5 PR Tips for B2B Media Relations

[To comment: larry at larrylitwin dot com]

From PR News and Brian Green on June 4, 2015

B2B PR is a specialized field that perhaps lacks the level of advice and attention that B2C PR gets. The distinctive characteristic of B2B media is that it’s niche. B2B publications aren’t mass-market broadsheets or daily papers but instead include monthly peer-reviewed journals, trade publications and quarterly digests.

One question often asked is: “If these publications aren’t very well-known, do we want to submit content to them?” The reality is that just because these publications are unknown to people external to the industry doesn’t mean they aren’t read and respected within the industry.

Whether you’re in an agency or in-house B2B PR role, these steps from Keerti Baker of SRCL Group should help you gain valuable coverage in the specialized world of trade press:

1. Source publications: Speak to the client to understand what trade publications people within the business read. Get copies of those magazines and think laterally. Don’t limit your search to their industry’s publication—also look at the sectors where they supply products or services.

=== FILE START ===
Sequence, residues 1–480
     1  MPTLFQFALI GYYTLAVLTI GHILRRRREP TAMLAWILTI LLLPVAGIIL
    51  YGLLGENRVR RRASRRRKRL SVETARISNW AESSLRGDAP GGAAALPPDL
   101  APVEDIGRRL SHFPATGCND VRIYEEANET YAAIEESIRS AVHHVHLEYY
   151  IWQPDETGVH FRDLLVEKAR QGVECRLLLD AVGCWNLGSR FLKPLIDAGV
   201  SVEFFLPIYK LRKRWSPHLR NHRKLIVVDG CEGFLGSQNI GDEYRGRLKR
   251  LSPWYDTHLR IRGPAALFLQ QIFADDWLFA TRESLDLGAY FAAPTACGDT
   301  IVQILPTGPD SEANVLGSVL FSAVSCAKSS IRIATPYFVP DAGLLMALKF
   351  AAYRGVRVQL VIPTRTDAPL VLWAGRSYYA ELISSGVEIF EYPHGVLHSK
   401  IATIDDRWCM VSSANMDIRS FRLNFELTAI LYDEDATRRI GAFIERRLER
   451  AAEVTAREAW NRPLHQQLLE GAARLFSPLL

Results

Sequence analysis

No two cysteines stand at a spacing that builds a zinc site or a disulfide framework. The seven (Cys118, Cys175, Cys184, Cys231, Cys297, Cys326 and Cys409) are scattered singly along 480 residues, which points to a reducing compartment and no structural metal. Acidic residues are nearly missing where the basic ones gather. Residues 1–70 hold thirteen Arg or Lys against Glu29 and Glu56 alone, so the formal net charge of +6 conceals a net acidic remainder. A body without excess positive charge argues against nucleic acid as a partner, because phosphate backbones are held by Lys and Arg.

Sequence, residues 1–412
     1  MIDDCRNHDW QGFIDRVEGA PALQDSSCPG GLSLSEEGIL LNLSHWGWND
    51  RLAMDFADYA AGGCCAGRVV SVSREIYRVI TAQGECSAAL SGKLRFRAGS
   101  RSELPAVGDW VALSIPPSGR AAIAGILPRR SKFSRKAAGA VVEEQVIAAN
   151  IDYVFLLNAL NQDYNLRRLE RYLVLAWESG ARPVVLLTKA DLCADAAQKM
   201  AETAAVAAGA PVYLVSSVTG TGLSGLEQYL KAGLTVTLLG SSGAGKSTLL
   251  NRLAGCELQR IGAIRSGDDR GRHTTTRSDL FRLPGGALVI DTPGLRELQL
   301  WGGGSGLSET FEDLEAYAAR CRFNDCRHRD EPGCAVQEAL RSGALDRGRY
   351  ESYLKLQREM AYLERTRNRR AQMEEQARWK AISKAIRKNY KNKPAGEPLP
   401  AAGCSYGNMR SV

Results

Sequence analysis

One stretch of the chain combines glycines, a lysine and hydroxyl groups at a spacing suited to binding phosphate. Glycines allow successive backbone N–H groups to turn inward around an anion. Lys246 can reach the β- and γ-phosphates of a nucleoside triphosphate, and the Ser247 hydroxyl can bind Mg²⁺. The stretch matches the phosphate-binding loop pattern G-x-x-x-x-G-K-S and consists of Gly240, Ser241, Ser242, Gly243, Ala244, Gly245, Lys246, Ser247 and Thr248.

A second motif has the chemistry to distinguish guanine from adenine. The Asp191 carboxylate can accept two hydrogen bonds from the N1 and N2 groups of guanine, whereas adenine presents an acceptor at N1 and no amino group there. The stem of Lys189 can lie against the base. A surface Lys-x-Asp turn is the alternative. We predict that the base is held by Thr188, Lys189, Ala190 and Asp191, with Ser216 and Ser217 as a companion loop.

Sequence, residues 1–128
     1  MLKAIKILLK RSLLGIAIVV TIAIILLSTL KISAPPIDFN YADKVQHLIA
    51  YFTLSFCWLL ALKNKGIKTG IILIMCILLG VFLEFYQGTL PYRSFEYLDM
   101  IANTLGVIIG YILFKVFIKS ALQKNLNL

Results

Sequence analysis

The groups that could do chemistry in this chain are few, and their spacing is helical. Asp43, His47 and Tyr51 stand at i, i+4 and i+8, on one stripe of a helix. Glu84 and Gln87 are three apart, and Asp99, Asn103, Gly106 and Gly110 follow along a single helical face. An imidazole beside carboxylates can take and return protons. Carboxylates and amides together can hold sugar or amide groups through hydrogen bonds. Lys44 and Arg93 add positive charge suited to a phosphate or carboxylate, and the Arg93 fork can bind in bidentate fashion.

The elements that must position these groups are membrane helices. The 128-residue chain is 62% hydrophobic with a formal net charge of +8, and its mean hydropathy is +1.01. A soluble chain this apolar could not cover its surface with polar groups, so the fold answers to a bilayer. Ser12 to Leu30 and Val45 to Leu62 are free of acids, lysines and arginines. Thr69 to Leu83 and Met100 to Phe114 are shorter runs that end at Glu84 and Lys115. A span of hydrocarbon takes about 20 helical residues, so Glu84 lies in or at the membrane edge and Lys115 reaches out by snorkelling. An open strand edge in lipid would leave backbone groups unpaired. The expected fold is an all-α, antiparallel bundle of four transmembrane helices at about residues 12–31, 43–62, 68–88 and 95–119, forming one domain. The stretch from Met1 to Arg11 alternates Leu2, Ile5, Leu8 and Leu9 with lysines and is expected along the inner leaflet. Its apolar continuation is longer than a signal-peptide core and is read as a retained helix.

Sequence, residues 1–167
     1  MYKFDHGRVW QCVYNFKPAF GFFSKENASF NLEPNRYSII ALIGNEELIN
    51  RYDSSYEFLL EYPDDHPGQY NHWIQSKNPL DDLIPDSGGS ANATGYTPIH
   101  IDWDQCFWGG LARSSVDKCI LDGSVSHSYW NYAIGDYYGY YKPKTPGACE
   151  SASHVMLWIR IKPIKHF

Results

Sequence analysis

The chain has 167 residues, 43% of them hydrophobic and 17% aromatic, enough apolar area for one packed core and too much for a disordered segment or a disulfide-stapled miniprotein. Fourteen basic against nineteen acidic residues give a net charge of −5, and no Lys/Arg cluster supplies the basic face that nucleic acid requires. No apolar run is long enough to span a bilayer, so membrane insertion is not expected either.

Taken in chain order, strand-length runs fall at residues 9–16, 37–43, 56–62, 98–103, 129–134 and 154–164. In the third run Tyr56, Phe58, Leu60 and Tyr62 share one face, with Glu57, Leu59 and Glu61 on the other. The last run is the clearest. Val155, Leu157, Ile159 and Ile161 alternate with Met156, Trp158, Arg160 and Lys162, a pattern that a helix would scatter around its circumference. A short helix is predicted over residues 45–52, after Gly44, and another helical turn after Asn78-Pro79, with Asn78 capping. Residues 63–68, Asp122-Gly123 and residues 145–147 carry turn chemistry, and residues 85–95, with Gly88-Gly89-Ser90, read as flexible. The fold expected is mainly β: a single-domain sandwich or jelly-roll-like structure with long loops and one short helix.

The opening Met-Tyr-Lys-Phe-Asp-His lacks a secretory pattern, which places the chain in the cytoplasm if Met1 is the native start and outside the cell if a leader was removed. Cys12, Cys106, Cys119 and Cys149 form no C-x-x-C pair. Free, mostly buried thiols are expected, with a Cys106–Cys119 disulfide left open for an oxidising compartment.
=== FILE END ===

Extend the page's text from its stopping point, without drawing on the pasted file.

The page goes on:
2. Read, research and speak to the experts: Read the publications, research and read more. It’s absolutely vital to understand terminology, acronyms, industry issues and the political landscape shaping the future of the industry.

3. Research competitors: Research companies within the competition to find out which publications run their editorial submissions.

4. Make your editorial pitch: Making inroads within sectors that you haven’t worked in is tough, but not impossible. Researching, reading and having a good understanding of the subject matter will help start those initial conversations with the media. Conversations can then materialize into strong story pitches to features writers, editors and reporters.

Working in B2B PR doesn’t require you to become a subject-matter expert in a matter of weeks. If you do, that’s great. If not, you need to know enough to hold conversations with editorial teams but be confident enough to say, if it comes to it, “I don’t have an in-depth view/I’m not an expert in that area, but I know the best person who can answer this for you.” There is nothing wrong with admitting you aren’t the expert, especially if you have good links with experts within the company or at your client’s company.

5. Remember, editors and journalists are busy people: Editorial teams working in the B2B sector are particularly busy, as they tend to manage more than one publication and have fewer editorial assets when compared to B2C publications.

To save time, contributions need to follow some basic, often-forgotten principles. Keep it relevant to the readership, make it interesting, meet stringent print deadlines and don’t hard sell the company. Let the quality of the editorial submission speak for itself.

[To comment: larry at larrylitwin dot com]